In a week where the news has been dominated by the tragic deaths of 3 very young children in the UK, I have also been thinking also about the sad news regarding the death of 3 teenage girls.
The first is local girl Ciara Park whose life was taken from her in the blink of an eye, but in one of the most horrible ways imaginable within the context of our daily regular lives in this part of the world. Something as normal as Christmas shopping with her father and younger brother on the main shopping street in Belfast turned into a nightmare and has caused almost as much hand wringing and questioning within our community as the death of baby P has in the wider UK media. Let us not ever forget the pain of Ciara's family, nor of the poor man who was driving the bus which killed her, as we question what our community's response should be to this awful tragedy.
The second sad tale is a death which is yet to happen and steeped in pathos and yet is inspirational. Hannah Jones is a brave 13 year old who has convinced child protection officials in Hereford not to force her to have a heart transplant, after treatment for leukaemia earlier in her life caused a heart condition. She has decided herself that the risk of the proceedure is too great and she would perfer to enjoy what time she has left with her family and freinds. Her father is reported as saying, "It is an incredible thing for a young person who has been through such a lot to have the bravery to stand up for her rights. We're so very proud of our little girl." Who could not be inspired by how Hannah has responded to her painful circumstances.
The final story which has caused me shock and sadness this week was also known about before it happened, at least it was in the community in which this shocking act occurred. It is breathtaking in it's brutality to read of Aisha Ibrahim Duhulow a 13 year old girl in Somalia who was stoned to death by a mob of 1000 men. The Belfast Telegraph report on the incident makes gruesome reading, so you may want to avoid it, but it goes on to explain how Aisha was killed because "(her) crime was to be raped and then report it. After being attacked by three men her family went to the Al-Shabab Islamist militia to report the crime. She was detained and accused of adultery. No effort was made to identify or arrest the rapists". It was even worse that, as some did attempt to intervene, one man was shot and wounded and an 8 year old boy was wounded. No words can adequately respond to this outrage - will the international community respond or even be aware of what happened? Will the people who did that get away with it? How come the media has not picked up on this? Yet again I am puzzled at what decides what makes our headlines and what is confined to the background.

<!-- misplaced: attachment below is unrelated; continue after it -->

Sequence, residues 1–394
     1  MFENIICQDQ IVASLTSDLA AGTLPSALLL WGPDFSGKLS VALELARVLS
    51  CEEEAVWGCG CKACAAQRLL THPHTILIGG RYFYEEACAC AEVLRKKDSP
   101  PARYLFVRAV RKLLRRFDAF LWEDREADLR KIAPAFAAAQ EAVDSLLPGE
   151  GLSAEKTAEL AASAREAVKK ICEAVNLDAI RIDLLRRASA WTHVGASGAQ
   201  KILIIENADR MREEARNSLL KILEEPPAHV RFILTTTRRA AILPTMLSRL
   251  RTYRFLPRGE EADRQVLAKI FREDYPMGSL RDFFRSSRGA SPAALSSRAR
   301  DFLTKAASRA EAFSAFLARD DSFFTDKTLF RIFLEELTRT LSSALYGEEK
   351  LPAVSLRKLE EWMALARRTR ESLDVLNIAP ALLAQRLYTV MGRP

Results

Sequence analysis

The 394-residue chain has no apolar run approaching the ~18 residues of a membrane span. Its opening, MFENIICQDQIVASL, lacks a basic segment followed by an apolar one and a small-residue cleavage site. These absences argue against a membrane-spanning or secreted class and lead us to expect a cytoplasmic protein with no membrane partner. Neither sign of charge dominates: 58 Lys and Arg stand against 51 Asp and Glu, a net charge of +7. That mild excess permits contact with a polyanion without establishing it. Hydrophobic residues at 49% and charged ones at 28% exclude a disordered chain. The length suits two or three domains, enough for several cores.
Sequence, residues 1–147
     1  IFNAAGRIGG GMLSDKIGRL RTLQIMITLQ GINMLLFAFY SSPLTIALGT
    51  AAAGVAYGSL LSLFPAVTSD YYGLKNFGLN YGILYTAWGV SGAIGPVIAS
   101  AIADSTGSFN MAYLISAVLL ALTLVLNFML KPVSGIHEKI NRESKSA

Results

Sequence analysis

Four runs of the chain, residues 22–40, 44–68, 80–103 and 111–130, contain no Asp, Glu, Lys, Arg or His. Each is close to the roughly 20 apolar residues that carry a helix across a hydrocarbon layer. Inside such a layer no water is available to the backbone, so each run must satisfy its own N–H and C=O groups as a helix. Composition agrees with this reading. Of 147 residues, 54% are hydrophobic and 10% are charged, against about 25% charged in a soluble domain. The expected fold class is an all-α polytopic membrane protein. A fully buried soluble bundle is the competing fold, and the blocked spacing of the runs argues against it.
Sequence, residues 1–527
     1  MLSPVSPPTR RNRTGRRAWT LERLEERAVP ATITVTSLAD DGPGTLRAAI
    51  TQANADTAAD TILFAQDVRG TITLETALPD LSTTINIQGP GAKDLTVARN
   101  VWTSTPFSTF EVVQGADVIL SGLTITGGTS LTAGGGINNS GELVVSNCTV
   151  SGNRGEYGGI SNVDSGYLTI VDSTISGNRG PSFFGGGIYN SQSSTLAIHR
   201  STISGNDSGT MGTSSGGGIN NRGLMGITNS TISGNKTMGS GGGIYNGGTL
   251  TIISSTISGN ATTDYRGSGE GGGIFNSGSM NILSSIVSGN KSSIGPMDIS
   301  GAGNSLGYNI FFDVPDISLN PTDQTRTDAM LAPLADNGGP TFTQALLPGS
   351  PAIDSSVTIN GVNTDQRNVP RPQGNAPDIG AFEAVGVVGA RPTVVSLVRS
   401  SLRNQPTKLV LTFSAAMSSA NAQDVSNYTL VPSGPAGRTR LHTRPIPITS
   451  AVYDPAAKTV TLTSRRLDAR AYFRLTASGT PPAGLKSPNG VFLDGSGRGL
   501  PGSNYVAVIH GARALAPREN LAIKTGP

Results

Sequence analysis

As these 3 young people have come into my head very regularly this week, it has caused me to reflect on the messed up nature of the world in which we live. It is hard to find something postive to take from this - 3 families devastated by very different but equally horrible events in a world tainted by sin and distorted from the world which was originally created. 3 incidents which cause us to ask questions about the sinfulness of people, the priorities of our society and even the role of a just and righteous God.
As we remember 3 girls, although they are from different cultures in our world, may we thank God for the teenagers who are in our sphere of influence and be resolute in our efforts to do all we can to support them, value them and help them make their mark on this world. For those of us who love Jesus, may we do all we can to point them to Him and may He provide comfort to those whose pain only He can fully understand.